The Kenyan government is defending the proposed economic partnership agreement between Kenya and the United Kingdom where it is expected to open 82.6 percent value of trade to the region over a 25 year period.
In a memorandum to parliament, the Ministry of Industrialization, Trade and Enterprise Development revealed the deal which will allow to exporting goods to Kenya. They will include raw materials, capital goods, intermediate products among others excluding agricultural and industrial products at the expiry of a seven-year moratorium.
On December 31 last year, Britain officially left the European Union (EU), paving the way for negotiation and renegotiation of trade agreement between Britain and its allies.
It is against this backdrop that the economic partnership agreement (EPA) between the two was crafted, with negotiations having begun in October until November 2020.
The talks culminated in the signing of the UK-Kenya EPA on December 8, preserving duty and quota-free access for Kenyan exports to Britain.
In a memorandum to parliament, industrialization, Cabinet Secretary, Betty Maina said Nairobi stands to benefit from untapped UK market potential estimated at Ksh.22.5 trillion against Kenya’s current level of exports which stands at 0.2 percent of the UK market size.
Currently, the UK ranks as Kenya’s second biggest export market in the EU after the Netherlands, with exports averaging Ksh.39 billion between 2015 and 2019.
Kenya will open 82.6 percent of its trade with the united kingdom, constituting raw materials, capital goods, intermediate goods and all other essential goods for a period of 25 years, with a 7 year grace period.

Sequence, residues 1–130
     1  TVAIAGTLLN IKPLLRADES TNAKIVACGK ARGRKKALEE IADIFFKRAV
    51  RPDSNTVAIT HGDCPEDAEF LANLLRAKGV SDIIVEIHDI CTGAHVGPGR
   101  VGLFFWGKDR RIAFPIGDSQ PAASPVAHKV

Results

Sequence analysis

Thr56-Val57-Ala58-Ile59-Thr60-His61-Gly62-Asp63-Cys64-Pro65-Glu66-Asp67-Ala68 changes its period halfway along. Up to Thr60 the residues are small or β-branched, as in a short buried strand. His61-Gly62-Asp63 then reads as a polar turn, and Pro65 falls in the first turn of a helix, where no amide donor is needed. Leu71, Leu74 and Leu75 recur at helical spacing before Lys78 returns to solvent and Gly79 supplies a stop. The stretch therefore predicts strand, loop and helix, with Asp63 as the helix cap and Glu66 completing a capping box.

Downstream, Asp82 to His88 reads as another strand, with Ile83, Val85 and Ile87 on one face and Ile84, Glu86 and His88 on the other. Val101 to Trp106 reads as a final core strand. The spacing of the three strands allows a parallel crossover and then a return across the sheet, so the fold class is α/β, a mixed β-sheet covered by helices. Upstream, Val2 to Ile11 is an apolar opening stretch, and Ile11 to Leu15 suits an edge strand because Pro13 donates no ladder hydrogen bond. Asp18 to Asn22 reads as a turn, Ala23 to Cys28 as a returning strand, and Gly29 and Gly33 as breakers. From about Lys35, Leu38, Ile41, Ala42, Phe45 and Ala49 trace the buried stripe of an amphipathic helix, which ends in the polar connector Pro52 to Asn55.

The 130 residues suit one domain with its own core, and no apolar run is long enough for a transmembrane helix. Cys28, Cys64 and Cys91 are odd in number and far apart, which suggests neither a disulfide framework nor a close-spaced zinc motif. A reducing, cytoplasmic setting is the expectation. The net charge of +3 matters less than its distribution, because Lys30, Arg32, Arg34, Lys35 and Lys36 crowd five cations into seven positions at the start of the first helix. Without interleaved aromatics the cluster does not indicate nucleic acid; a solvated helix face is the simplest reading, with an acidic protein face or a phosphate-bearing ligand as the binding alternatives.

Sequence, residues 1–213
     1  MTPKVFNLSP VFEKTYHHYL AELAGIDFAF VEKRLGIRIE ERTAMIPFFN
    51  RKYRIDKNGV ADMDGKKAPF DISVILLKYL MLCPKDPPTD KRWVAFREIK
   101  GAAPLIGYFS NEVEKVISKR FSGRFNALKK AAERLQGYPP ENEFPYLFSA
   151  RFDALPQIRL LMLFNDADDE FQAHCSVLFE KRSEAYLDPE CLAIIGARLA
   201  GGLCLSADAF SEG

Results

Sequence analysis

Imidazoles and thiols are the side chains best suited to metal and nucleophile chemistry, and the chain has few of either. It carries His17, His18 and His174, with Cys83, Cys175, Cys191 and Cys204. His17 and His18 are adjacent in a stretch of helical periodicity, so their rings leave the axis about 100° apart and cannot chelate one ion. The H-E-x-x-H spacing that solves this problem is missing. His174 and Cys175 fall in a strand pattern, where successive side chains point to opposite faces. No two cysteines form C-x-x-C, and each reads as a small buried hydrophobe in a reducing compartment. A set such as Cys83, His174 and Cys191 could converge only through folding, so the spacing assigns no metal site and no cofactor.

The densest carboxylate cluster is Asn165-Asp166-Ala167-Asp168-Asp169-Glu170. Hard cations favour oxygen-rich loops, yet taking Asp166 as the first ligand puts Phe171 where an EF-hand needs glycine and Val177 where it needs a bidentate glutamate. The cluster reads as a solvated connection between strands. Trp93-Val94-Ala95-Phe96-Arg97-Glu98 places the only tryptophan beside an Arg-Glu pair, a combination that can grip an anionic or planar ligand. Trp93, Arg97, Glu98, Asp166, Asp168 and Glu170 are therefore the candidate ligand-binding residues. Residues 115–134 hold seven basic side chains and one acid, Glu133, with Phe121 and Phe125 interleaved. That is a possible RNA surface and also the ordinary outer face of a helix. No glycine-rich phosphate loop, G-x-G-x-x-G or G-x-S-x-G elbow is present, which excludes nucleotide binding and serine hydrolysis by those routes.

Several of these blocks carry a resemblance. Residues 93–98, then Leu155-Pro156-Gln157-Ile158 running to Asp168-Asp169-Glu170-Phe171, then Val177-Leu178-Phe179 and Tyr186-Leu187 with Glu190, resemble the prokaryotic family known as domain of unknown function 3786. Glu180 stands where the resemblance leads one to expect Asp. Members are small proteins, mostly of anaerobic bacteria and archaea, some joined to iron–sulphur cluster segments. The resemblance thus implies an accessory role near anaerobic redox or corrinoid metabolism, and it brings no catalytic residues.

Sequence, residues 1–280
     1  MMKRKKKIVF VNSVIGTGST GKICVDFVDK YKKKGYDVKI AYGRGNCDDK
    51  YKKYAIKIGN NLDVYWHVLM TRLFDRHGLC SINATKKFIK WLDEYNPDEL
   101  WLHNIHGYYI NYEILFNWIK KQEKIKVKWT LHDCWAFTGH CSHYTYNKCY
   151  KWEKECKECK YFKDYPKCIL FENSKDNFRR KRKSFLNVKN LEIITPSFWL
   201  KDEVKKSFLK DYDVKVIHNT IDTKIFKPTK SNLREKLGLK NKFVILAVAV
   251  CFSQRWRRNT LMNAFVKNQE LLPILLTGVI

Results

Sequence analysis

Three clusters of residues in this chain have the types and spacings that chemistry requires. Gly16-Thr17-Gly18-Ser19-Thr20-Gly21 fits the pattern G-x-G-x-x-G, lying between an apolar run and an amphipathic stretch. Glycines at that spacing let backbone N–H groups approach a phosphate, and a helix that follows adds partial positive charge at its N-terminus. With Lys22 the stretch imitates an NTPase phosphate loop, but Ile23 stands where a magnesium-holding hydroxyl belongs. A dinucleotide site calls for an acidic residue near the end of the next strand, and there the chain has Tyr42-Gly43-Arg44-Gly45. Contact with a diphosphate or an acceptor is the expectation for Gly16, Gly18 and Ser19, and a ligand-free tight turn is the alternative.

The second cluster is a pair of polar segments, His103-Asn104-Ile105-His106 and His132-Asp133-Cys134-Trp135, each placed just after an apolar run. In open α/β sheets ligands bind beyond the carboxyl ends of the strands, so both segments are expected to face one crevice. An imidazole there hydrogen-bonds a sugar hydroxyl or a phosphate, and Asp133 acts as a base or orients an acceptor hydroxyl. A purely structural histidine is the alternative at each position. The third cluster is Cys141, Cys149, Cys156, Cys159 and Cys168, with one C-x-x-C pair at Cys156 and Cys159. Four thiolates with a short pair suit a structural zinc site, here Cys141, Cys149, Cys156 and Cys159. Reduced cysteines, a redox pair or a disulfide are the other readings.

Agricultural and industrial products will however be excluded in a bid to protect Kenya’s infant industries.
Further, the goods from both parties shall receive similar treatment no less favorable than domestic goods in respect of all laws.
However, neither Kenya nor the UK will be allowed to apply internal quantitative regulations so as to afford protection of their respective production.
While critics of the deal say it will give an upper hand to Britain, CS Maina told parliament that the agreement will provide remedies to safeguard against unfair trade practices which could lead to market distortion.
This includes unforeseen influx of UK imports into the Kenyan market.
She further said the EPA contains an amendment clause that provides flexibility to the parties to seek amendment on any provision including tariff liberalization schedules. Further, there will be mandatory review of the entire agreement every 5 years.
The UK-Kenya EPA was tabled in parliament on December 22, for ratification. With both parliaments required to ratify the agreement in order for it to take effect.
Britain’s upper house of parliament, the House of Lords has since backed a proposal by its international agreements committee for a 21-day extension of the initial February 10 ratification deadline.
This as Kenya’s parliament prepares to deliberate on the trade deal to pave the way for its formal ratification.
Once the agreement is ratified, Kenya stands to benefit through market access to the UK for all products including manufactured and processed goods.